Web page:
Dictyostelia are soil amoebae capable of extraordinary feats of survival, motility, chemotaxis, and development. Characterised by their ability to transform from a single-celled organism into an elaborate assemblage of thousands of synchronously-moving cells, Dictyostelids are often referred to as 'social amoebae', and have been the subjects of serious study since the 1930s. Research in this area has been instrumental in understanding many problems in cellular biology. Beginning with the history of Dictyostelids and discussing each stage of their development, this book considers the evolution of this unique organism, analyses the special properties of the Dictyostelid genome, and presents in detail the methods available, at the time of the book's original publication in 2001, to manipulate their genes.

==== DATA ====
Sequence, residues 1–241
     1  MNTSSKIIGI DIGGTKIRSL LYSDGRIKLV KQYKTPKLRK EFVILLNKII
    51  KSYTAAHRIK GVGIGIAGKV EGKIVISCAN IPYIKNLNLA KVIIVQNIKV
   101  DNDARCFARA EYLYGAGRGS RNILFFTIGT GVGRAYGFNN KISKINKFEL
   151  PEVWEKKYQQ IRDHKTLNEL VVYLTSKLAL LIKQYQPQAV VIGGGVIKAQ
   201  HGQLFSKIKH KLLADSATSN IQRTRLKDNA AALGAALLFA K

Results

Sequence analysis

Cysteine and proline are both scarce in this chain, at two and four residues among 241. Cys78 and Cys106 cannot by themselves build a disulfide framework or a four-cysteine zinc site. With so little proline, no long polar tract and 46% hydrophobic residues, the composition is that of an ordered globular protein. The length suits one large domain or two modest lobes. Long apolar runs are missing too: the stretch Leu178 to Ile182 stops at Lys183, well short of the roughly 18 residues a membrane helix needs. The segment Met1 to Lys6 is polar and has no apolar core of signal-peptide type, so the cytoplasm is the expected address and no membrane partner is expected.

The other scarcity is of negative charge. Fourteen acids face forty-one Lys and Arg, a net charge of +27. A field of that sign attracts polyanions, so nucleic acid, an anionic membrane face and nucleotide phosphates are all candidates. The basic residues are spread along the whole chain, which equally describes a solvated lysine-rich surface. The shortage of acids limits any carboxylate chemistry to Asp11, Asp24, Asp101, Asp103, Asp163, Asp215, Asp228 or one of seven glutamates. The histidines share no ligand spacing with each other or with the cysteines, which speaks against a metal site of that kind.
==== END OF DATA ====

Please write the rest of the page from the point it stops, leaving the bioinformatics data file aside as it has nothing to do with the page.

Review of the hardback: '... a beautiful balance between the well understood and the relatively unexplored ... it offers so much in such a tiny volume. I thoroughly recommend it.' P. R. Fisher, Soil Biology and Biochemistry Review of the hardback: '... a major achievement and will serve the field well for several years to come.' Jeffrey Williams, Trends in Genetics Review of the hardback: '... an excellent and up-to-date summary of how social amoebae do it, and is bristling with fascinating biological answers and questions.' John A. Lee, Geologist Review of the hardback: 'This book is an excellent and up-to-date summary of how social amoebae do it, and is bristling with fascinating biological answers and questions.' Biologist Review of the hardback: '... well organized and superbly presented ... easy to read and very accessible to the newcomer to the field ... the time is certainly right for a book to introduce this organism and its research to a wider audience. This is the ideal book.' Peter A. Thomason, Nature Cell Biology Review of the hardback: 'This will be the key reference work on this fascinating genus for decades, and a 'must' not only for developmental biologists but also the many mycologists who continue to dabble in and be fascinated by slime moulds.' Mycol. Research
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